Ad Age recently published the results of discussions it conducted among agency executives, freelancers and staffing companies with regard to the growth in agency utilization of freelance talent. If you’re an advertiser their findings may serve as a wake-up call for you.
First and foremost, we understand the fast-paced nature of the advertising marketplace and the important role that variable labor plays in helping agencies meet short-term labor demands. That is not the issue. What is of concern is the growing reliance on independent contractors versus permanent staffers by ad agency executives. Ad Age coined the term “permalancers” to reflect this trend of engaging freelancers for extended periods of time, in excess of 100 days.
Why the concern? Consider Ad Age’s primary conclusion on their investigation into this practice, that agencies “are not attracting and managing freelancers appropriately.” This perspective is supported by an executive of Redscout Ventures a division of MDC who was quoted in the Ad Age article stating that; “our current system of sourcing freelancers is incredibly inefficient.” Sourcing and managing of freelance talent aside, there are numerous risks and costs to an advertiser that are often not transparent. For example, do advertisers even know which agency representatives serving on their account are permanent staffers or freelancers? Is there an established procedure that defines how the advertiser is being billed for freelance time (i.e. pass through cost or incorporated into agency fee/ direct labor cost calculations)? What is the impact on agency time-of-staff investment tied to the learning curve associated with rotating in freelance help? Does this practice impact the quality of the work or the level of re-dos?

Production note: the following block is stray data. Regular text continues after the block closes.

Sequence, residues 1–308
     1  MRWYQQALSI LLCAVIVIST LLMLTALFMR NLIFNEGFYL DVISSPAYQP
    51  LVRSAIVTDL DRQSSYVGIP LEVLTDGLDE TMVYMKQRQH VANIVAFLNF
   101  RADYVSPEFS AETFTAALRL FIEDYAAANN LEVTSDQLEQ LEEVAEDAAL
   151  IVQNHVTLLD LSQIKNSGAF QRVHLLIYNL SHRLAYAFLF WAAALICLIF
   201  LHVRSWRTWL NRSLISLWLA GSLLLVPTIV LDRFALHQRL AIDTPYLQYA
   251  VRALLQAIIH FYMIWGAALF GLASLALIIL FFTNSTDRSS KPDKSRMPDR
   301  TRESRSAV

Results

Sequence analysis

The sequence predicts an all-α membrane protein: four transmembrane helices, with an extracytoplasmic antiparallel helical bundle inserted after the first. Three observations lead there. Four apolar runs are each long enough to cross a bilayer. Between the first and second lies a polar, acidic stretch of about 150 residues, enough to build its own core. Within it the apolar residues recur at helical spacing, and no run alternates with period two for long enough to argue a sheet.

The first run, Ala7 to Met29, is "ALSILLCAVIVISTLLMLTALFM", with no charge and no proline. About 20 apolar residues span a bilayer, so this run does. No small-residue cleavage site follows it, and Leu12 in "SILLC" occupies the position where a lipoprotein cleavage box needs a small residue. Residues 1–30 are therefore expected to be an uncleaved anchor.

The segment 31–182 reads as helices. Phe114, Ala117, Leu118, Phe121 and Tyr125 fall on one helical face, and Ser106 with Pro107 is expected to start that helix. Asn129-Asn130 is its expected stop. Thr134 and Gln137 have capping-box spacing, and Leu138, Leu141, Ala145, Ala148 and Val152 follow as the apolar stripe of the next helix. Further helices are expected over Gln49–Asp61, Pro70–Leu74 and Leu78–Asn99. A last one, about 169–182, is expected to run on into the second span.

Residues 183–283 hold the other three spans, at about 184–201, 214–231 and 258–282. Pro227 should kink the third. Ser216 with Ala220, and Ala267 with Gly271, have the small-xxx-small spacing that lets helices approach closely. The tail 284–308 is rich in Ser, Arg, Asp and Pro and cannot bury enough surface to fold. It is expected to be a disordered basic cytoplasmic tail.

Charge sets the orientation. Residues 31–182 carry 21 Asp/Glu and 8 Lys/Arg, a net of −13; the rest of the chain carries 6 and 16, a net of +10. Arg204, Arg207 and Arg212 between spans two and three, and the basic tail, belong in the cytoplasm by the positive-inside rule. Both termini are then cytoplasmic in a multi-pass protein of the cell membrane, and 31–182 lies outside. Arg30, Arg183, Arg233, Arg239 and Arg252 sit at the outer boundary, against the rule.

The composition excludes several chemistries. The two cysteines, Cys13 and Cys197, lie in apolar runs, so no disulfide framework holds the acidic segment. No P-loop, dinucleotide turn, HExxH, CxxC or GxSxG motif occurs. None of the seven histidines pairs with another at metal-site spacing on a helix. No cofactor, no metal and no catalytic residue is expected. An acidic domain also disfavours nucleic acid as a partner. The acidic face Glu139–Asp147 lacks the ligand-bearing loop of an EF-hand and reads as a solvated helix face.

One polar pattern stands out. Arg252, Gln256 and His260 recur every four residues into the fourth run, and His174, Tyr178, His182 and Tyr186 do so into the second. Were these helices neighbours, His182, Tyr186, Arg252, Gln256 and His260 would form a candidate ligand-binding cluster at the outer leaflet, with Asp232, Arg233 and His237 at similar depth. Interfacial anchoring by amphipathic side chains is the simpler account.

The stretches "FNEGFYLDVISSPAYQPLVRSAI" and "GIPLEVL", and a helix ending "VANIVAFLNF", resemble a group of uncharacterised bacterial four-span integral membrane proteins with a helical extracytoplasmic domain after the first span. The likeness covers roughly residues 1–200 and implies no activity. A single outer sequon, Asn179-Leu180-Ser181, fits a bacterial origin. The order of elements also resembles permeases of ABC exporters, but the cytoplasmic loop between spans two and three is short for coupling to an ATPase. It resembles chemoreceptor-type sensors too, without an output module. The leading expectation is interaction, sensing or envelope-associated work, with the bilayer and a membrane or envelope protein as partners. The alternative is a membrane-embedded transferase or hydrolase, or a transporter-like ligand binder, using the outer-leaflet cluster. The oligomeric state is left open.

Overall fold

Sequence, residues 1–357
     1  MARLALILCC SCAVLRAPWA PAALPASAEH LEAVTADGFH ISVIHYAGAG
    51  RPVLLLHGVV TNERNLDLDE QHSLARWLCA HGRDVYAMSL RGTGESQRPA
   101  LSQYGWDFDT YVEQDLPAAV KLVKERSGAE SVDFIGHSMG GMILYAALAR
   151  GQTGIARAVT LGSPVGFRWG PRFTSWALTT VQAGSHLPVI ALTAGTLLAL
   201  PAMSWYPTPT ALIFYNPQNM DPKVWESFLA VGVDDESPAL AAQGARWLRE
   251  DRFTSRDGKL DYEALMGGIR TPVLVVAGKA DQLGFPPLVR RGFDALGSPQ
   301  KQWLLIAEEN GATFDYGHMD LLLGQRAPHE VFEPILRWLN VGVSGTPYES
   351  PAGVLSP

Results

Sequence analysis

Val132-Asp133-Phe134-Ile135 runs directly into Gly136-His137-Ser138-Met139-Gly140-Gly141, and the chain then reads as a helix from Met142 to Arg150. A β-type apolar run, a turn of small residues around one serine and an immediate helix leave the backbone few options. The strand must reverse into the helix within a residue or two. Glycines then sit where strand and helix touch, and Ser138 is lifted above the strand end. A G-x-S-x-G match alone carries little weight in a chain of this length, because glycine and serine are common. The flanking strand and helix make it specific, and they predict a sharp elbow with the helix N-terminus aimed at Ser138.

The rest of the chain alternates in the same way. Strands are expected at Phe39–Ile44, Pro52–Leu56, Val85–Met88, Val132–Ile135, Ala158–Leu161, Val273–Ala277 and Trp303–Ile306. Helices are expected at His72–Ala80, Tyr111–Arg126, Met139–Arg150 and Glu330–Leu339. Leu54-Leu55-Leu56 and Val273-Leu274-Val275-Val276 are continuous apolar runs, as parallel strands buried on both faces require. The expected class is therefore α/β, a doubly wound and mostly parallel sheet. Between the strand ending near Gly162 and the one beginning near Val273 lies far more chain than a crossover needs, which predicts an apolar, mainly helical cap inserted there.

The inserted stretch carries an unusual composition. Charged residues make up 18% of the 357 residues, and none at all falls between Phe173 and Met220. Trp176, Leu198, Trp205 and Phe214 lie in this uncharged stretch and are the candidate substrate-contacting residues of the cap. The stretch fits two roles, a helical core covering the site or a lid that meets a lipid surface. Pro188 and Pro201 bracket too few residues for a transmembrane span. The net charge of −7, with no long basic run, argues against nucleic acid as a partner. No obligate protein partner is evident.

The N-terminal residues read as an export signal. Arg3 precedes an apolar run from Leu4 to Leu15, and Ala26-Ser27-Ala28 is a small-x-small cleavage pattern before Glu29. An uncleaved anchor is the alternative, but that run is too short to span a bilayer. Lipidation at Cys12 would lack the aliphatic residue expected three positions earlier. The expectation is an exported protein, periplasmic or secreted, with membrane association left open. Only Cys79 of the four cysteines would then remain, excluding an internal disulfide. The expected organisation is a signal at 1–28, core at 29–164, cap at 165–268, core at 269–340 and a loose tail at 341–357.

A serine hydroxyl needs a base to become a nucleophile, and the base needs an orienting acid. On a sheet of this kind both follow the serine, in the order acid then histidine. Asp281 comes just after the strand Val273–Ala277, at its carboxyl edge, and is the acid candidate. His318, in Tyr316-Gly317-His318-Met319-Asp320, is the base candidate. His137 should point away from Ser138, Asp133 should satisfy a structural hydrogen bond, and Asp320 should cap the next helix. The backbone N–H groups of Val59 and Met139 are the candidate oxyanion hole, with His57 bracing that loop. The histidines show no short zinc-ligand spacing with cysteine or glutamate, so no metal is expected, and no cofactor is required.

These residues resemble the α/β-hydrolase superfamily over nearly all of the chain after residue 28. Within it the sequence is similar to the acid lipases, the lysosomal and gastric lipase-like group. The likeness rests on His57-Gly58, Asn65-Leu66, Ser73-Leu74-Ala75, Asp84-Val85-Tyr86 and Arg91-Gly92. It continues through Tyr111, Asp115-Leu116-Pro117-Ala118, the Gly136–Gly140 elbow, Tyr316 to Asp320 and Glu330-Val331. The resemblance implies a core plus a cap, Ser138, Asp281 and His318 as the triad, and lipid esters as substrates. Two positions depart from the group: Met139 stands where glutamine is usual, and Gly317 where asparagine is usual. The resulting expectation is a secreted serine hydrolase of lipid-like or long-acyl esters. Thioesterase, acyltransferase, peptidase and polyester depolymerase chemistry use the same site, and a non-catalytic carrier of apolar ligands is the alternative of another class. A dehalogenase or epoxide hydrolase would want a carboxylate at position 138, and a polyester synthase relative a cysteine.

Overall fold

At Advertising Audit & Risk Management we conduct both contract compliance audits and agency fee reconciliations which consistently highlight the financial impact and risks confronting advertisers regarding the lack of controls and limited transparency around an agency’s use of freelance talent. Audit findings have identified risks ranging from intellectual property ownership to violations of the non-compete clause to inadequate time tracking of freelance talent. Unbridled, an agency’s use of freelance talent shifts the legal and financial risks associated with the advertising industry’s lack of sufficient controls in this area from the agency to the advertiser.
There are mechanisms which an advertiser can implement to mitigate this risk without affecting their agency partners’ ability to tap into variable talent pools to supplement the account team if and when needed. Advertisers interested in learning more about how to assess the prevalence of the use of freelance talent by their agencies and what can be done to introduce the requisite protections can contact Don Parsons, Principal at AARM for a complimentary consultation at; email@example.com. For more on this issue, read the article; “Freelancers’ Stock Rises on Madison Avenue” in Ad Age.